Members of the House of Representatives have restated their readiness to re-examine the controversial 2016 budget in line with the House resolution of Wednesday last week.
However, they said President Muhammadu Buhari should still send a formal letter to the National Assembly on his areas of disagreements with the budget passed on March 23 by the Senate and the House of Representatives.
Findings by The PUNCH on Sunday showed that the general feeling among members was that Buhari would still have to comply with the provisions of Section 59 of the 1999 Constitution (as amended) to formalise any peace moves to rework the budget.
The House had last week delegated the Speaker, Mr. Yakubu Dogara, to meet with Buhari with a view to reaching a common ground on the contentious areas in the budget.
Buhari was away to China when the resolution was passed.
However, the Speaker reportedly interfaced with Vice-President Yemi Osinbajo, where the latter transmitted a list of “grey areas” to him.
Dogara is expected to brief members on the outcome of the interface during plenary on Tuesday (tomorrow).
However, The PUNCH learnt that members held the view that whatever was the outcome of the interface between Osinbajo and Dogara did not override the constitutional requirement that the President should formally notify the National Assembly on why he withheld his assent to the N6.06tn budget.
One official said, “The fact of sending the Speaker to meet with the Presidency does not overtake the constitutional provisions. The Speaker may just get information on what really the issues are and relay to members, but overall, a letter must still come from Mr. President officially.”
The Speaker could not be reached by The PUNCH on Sunday, but senior National Assembly officials who did not want to be quoted, admitted that he indeed received a “list of items” from the Presidency.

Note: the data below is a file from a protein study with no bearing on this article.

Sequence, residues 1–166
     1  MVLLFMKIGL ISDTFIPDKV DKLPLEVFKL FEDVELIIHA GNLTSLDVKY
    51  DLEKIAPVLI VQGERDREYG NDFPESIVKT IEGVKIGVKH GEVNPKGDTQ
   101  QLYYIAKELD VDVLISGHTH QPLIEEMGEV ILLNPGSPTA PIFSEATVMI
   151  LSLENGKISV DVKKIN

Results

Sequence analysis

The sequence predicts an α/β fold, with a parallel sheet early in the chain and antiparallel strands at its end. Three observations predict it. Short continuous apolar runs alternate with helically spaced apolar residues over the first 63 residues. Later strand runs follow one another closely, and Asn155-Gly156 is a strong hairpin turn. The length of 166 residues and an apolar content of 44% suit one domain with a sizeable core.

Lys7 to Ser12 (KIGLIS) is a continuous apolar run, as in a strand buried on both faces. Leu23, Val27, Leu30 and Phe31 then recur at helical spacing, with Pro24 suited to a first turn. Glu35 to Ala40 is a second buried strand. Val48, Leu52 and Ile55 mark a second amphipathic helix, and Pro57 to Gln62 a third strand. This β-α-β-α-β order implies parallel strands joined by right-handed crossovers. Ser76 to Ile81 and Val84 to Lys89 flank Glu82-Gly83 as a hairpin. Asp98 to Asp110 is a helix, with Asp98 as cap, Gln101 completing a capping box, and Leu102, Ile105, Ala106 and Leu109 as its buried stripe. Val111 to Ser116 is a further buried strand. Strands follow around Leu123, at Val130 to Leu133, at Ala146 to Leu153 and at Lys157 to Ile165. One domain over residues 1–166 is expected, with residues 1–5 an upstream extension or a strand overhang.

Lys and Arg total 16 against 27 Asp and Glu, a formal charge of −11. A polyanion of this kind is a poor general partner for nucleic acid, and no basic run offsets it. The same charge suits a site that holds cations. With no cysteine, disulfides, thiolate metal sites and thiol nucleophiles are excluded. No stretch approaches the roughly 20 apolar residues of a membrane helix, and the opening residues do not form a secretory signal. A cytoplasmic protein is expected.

Opposition party members told The PUNCH on Sunday that the House was not interested in fighting with Buhari over the budget.
They stated that members were ready to accommodate any changes that he might bring, so long as they served the national interest.
For example, the Minority Leader of the House, Mr. Leo Ogor, said the House would welcome changes on the budget from Buhari, but quickly clarified that the President should conform with constitutional provisions.
Ogor added, “Section 59 is very clear; it says Mr. President has to give his reasons why he is returning the budget. We have not received any formal footnotes from him as we speak. So, he will be required to forward to us his reasons for not signing.
“If the reasons are justifiable, we will look at the budget again, but if we see that there are really no issues, we will override his veto and the budget becomes law.
“But, like I said, this is not a crisis and we should not allow it to become a crisis.
“The summary is that whatever interventions that have taken place will have to come to the National Assembly by way of footnotes from Mr. President. “
The PUNCH gathered that, in the “items” that reportedly came from Osinbajo, the executive sought to have “the distortions” in the budget corrected.
“The point made is that the executive wants most of the provisions of the budget retained the way they came from Mr. President.
“This will still not alter the total budget size of N6.06tn.
“There were projects that did not originally come from the executive, but were introduced into the budget by the Committee on Appropriation at the National Assembly, while those the executive brought were dropped. This issue too has to be corrected,” another official told The PUNCH.
It was further gathered that among the lawmakers, most of the “lopsided” projects injected into the budget by the Committee on Appropriation to the exclusion of other constituencies, would be re-adjusted.